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[543] made America independent, and that American inde-
Chap. XXVII.} 1782. May 10.
pendence was not the only cause of the war. On the next day, Grenville, unaccompanied by Franklin, met Vergennes and de Aranda, and offered peace on the basis of the independence of the United States and the treaty of 1763. ‘That treaty,’ said Vergennes, ‘I can never read without a shudder. The king, my master, cannot in any treaty consider the independence of America as ceded to him. To do so would be injurious to the dignity of his Britannic Majesty.’ The Spanish ambassador urged with vehemence, that the griefs of the king of Spain were totally distinct from the independence of America.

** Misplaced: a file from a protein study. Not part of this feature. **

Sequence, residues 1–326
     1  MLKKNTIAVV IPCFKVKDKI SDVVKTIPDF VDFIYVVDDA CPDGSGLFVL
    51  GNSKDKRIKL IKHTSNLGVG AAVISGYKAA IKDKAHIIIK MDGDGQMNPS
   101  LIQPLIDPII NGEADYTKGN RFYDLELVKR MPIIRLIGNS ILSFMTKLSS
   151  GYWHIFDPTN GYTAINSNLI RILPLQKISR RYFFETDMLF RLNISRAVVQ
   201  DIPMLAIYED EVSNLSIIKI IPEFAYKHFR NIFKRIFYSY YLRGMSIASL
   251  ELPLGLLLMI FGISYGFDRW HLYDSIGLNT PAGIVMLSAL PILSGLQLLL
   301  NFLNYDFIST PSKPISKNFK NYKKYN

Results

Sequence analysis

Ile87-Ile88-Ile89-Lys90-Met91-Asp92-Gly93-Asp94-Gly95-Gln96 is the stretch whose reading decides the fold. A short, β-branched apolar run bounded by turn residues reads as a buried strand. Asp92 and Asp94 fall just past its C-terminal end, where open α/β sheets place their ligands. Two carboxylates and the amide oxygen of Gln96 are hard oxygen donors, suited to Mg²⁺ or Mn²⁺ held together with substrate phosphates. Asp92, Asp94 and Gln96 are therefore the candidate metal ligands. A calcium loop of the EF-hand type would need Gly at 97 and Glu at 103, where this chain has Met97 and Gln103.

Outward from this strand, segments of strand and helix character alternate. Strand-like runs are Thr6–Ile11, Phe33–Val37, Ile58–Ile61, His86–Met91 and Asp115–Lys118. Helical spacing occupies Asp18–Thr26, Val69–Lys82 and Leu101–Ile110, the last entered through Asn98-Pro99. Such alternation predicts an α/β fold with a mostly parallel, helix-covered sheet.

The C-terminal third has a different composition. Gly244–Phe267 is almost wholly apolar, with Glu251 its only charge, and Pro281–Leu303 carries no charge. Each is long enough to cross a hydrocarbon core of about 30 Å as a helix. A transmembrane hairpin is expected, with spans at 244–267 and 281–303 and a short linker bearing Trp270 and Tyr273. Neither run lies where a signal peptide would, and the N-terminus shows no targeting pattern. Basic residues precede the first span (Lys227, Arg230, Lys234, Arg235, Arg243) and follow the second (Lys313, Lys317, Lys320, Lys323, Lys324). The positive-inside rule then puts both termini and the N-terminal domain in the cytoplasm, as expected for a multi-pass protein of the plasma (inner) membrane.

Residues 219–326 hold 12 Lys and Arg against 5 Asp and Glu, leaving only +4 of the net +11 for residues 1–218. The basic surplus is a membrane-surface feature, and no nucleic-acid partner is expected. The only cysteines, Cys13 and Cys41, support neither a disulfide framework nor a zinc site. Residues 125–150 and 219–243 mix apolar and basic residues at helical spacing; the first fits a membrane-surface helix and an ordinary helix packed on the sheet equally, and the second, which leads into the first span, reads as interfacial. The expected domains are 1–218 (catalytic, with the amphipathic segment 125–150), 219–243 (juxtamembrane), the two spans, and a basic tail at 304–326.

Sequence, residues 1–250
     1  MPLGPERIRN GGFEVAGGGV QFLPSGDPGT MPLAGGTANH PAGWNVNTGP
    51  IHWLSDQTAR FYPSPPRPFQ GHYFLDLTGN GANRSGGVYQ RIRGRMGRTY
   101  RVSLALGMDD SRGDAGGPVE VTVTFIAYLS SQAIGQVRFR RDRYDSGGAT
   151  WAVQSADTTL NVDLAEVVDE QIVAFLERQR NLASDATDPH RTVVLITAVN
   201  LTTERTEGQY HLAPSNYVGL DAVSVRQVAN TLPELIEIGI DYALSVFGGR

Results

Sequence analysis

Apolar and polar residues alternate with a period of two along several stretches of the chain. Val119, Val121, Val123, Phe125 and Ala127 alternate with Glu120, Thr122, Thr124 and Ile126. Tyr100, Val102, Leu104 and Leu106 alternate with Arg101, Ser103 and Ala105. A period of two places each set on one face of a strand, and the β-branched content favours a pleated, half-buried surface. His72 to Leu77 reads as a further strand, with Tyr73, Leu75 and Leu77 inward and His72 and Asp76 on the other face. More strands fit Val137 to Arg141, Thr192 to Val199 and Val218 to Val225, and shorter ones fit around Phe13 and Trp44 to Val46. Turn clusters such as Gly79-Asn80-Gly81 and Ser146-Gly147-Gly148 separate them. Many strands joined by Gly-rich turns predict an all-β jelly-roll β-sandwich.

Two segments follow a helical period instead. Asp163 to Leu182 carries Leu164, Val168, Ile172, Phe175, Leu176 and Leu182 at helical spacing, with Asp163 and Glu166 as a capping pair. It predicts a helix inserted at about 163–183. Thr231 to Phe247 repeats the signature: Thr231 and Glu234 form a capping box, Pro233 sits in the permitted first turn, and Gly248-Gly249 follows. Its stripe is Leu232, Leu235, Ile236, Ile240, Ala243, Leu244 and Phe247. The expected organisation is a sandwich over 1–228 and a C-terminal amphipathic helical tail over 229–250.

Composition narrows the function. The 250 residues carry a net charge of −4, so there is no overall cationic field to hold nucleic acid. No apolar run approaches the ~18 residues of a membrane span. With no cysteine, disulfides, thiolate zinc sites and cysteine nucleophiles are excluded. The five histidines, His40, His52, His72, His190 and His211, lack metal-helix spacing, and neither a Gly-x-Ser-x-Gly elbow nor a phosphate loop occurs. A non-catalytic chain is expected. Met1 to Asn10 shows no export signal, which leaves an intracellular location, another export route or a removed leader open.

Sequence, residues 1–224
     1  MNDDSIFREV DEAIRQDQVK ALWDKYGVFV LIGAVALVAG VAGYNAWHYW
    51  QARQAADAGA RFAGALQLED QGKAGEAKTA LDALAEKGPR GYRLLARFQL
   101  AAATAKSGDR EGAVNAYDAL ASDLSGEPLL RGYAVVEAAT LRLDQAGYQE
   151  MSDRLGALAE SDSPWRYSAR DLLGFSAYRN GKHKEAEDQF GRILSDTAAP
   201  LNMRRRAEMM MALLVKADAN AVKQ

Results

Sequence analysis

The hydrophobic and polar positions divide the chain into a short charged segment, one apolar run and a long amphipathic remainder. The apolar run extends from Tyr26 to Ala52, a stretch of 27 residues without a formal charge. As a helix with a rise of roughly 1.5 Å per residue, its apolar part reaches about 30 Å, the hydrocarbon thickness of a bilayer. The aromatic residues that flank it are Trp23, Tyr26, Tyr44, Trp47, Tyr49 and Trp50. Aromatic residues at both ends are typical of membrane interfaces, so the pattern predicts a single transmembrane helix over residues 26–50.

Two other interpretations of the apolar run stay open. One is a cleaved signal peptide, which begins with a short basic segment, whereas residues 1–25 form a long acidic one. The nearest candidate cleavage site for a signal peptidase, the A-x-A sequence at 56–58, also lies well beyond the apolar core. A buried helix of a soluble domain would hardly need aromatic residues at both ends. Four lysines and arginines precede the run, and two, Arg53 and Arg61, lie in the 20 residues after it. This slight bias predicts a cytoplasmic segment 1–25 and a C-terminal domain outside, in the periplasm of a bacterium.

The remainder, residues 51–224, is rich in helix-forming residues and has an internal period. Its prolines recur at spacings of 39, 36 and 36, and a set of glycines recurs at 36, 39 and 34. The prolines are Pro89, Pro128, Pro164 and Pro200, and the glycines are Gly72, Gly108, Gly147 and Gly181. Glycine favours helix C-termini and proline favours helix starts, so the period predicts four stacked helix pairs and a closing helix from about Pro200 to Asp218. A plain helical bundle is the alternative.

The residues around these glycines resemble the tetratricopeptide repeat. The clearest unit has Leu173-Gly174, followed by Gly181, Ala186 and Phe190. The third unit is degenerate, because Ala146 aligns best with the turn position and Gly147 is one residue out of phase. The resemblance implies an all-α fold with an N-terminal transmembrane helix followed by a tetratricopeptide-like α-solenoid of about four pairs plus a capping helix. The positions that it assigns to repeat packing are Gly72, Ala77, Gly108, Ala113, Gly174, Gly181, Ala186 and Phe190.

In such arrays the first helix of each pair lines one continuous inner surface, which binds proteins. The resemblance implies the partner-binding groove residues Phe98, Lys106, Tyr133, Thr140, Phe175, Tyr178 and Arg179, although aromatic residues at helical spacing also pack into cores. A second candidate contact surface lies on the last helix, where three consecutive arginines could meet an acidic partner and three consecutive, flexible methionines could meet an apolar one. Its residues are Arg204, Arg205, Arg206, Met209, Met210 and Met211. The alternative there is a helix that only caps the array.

With regard to America, the frequent conversations of the young envoy with Franklin, who received him with constant hospitality, cleared up his views. It was explained to him with precision that the United States were free from every sort of engagement with France except those contained in the public treaties of commerce and alliance. Grenville asked if these obligations extended to the recovery of Gibraltar for Spain; and Franklin answered: ‘It is nothing to America who has Gibraltar.’ But Franklin saw in Grenville a young statesman ambitious of recommending himself as an able negotiator; in Oswald, a man who free from interested motives earnestly sought a final settlement of all differences between Great Britain and America. To the former he had no objection, but he would have been loath to lose the latter; and, before beginning to treat of the conditions of peace, he wrote to Shelburne his belief that the ‘moderation, prudent counsels, and sound judgment of Oswald might contribute much not only to the speedy conelusion ’

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